Managing Colic in the Field

Chapter 71

Managing Colic in the Field

Benjamin R. Buchanan

Most colic cases begin on the farm. Clinicians are frequently called to examine a horse with colic in the field, where supplies and equipment can be limited. When referral is not an option, treatment on the farm becomes the only therapeutic option. Fortunately, many cases can be managed successfully on the farm.


Facility Evaluation

Facilities vary widely on farms, and difficulties with patient restraint, lack of water or electricity, and occasionally access to the patient are some of the many challenges an ambulatory veterinarian is presented with when asked to examine a horse with colic. Upon arrival at the farm, the veterinarian should begin to look critically at the facilities and determine what is available to safely examine the horse, administer intravenous fluids, and perform a rectal examination. Is there sufficient shelter? Is running water available? Is there enough electricity to power an ultrasound? These are all questions that must be considered in developing a plan for evaluating and treating the horse with colic.

Patient Evaluation

The veterinarian’s first impression of the patient should enable categorization of the horse into one of three categories: mildly painful, moderately painful, or severely painful. A mildly painful horse should have a complete and detailed physical examination, but can be treated successfully on the farm. A moderately painful horse should receive a complete examination, but the option of referral should be discussed. Although the horse may be stable initially, if referral is an option, the horse should be shipped to a facility for further management before possibly decompensating. A severely painful horse should receive an abbreviated physical examination that focuses on resuscitative and analgesic therapies. The horse should be stabilized for transport to a surgical facility.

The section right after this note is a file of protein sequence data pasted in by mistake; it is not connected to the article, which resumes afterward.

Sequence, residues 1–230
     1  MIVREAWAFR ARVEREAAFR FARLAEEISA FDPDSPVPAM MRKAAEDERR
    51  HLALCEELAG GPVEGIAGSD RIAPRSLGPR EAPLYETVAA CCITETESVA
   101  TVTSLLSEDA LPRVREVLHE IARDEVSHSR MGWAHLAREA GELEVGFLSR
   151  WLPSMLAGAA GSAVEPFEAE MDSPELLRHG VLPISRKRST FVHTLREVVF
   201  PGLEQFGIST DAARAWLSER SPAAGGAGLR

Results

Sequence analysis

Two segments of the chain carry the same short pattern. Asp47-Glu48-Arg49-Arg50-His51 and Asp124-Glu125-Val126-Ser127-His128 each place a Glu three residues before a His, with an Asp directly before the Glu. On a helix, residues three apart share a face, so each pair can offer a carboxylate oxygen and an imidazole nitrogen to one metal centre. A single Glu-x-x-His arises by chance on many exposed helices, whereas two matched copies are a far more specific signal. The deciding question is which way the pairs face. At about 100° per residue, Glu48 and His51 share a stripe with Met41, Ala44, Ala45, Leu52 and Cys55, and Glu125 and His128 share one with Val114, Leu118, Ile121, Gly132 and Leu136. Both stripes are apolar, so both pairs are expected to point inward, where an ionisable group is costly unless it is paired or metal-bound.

Every detailed physical examination should begin with a detailed history. Has there been any recent diet change or new shipment of hay? Has there been a change in exercise level or access to pasture? Changes in diet and exercise are known to increase the risk for colic in horses. Questions about the medication history will occasionally turn up information about supplements the horse is receiving that may be causing a problem, or may help identify an ongoing problem. Asking open-ended questions such as “Can you tell me what problems you are having?” or “What do you think is the problem?” frequently provides more useful information than direct questions.

Early in the examination of any painful horse, referral should be discussed. If it becomes necessary, the client should be prepared with regard to where the horse should be transported and what the expected costs and experience of the referral will be. In many instances, transportation has to be arranged for the horse, and clients should be counseled to start preparing transportation in the event that referral is warranted. Clients should be advised of the expected costs early in the diagnostic workup, and the insurance status of the horse should be discussed.

When a patient is stable enough for detailed examination, the clinician’s initial impression is formed by the horse’s general appearance. Is there evidence of discomfort, such as nostril flare or high respiratory rate? Is there evidence of self-trauma around the eyes that is indicative of prior pain and rolling? Is the horse covered in mud or bedding? Is the horse trembling or sweating?